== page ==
Regarding the pig that began chewing its cud, we can extend the answer of the Chazon Ish and explain that the pig was not yotzei from itself when it began to chew its cud – since it is the same item. It will therefore be permitted.

Another answer that I have heard is that the Rambam (Hilchos Machalos Asuros 3:6) says that one who transgresses by eating the product of a non-kosher animal does not receive lashes. Reb Chaim Soloveitchik explains that when something is yotzei from a non-kosher animal it is forbidden. But it does not take on the same prohibition as its producer, instead becoming a new prohibition of yotzei – over which one does not receive lashes.

The halacha that something that is yotzei from a non-kosher animal is forbidden only applies when the mother animal is non-kosher. However, if the animal that it came from was not actually non-kosher, its offspring will be permitted. So after pigs start chewing their cud, they will still be prohibited since they were yotzei from the non-kosher pigs. But they will not be prohibited as pigs; rather they will be prohibited as issur yotzei. Hence the following generation of pigs will not be prohibited, since the pigs that they came from were not actually non-kosher but were only issur yotzei – which does not prohibit their products.

Koshering An Earthenware Utensil

Wednesday, March 28th, 2012

In this week’s parshah the Torah teaches many of the halachos of the korbanos. Each of the korbanos has a limited amount of time when they may be eaten, after which they become nosar and forbidden. When a utensil is used to cook the flavor, the food is absorbed into the walls of the utensil. Therefore if a forbidden food was cooked, it is prohibited to use the utensil again until it is koshered, since the flavor of the forbidden food will mix into the next food. Amid the halachos of the korban chatas, the Torah writes that since the flavor of the korban will become nosar after its allotted time, any earthenware utensil that was used to cook part of the korban must thereafter be broken. If it was cooked in a metallic utensil, the utensil must be purged and then rinsed in water in order to remove the flavor that was absorbed.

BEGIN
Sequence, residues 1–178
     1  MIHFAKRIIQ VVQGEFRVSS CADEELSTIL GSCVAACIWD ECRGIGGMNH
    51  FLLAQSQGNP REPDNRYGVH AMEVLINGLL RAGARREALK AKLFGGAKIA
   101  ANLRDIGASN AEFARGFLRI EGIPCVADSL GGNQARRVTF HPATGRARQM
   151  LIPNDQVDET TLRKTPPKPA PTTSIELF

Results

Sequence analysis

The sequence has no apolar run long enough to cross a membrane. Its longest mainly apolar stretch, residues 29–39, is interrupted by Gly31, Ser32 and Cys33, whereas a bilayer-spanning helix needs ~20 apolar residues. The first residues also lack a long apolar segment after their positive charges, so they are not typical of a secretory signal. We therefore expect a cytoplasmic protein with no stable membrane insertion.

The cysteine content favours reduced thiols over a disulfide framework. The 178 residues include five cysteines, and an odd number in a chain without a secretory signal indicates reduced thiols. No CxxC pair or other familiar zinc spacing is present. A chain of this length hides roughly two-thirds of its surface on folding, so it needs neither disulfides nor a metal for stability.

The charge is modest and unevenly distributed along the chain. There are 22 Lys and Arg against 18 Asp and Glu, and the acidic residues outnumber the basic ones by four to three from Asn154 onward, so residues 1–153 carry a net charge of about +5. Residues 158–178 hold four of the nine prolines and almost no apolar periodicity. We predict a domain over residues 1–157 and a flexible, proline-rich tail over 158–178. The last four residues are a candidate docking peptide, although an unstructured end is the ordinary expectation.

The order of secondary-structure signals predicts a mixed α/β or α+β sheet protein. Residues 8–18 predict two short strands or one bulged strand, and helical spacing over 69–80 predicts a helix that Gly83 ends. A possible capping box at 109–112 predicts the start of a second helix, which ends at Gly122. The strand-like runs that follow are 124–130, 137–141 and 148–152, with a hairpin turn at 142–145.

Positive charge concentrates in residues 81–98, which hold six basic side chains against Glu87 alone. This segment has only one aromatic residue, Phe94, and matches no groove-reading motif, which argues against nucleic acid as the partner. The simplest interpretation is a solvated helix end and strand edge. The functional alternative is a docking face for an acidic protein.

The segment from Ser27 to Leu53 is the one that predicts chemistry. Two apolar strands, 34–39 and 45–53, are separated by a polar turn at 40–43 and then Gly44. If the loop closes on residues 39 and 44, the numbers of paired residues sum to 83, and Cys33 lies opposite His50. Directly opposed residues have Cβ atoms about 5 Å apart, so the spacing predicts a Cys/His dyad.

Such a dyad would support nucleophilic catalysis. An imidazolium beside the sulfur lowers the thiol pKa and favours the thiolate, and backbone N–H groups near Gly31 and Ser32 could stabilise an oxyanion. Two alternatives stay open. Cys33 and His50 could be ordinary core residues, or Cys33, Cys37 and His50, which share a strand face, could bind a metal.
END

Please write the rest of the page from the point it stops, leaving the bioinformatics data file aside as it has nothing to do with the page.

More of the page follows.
This halacha applies to all of the korbanos. However, the Rambam and Ra’avad disagree regarding the halacha of an earthenware utensil. The Rambam (Hilchos Ma’aseh Korbanos 8:14) says that any utensil that was used to cook any korban must be purged and rinsed, whether it is a metallic or earthenware utensil. (The exception is a korban chatas, whereby an earthenware utensil must be broken and may not be purged.) The Ra’avad argues that earthenware utensils may never be purged and must always be broken, regardless of which korban was cooked in it.

The Rambam holds that purging earthenware utensils effectively koshers the utensil; but, specifically by a korban chatas, the Torah commands that an earthenware utensil must be broken and not purged. The Ra’avad disagrees and posits that purging is ineffective and is unable to remove the flavor from earthenware utensils.

The question that arises about the Rambam is that the Gemara in Pesachim 30b says that the Torah testifies that it is impossible to completely remove the forbidden flavor from the walls of an earthenware utensil; hence it must be broken. However, according to the Rambam, purging an earthenware utensil indeed removes the flavor, and only when a korban chatas was cooked in the utensil does the Torah command that the utensil must be broken.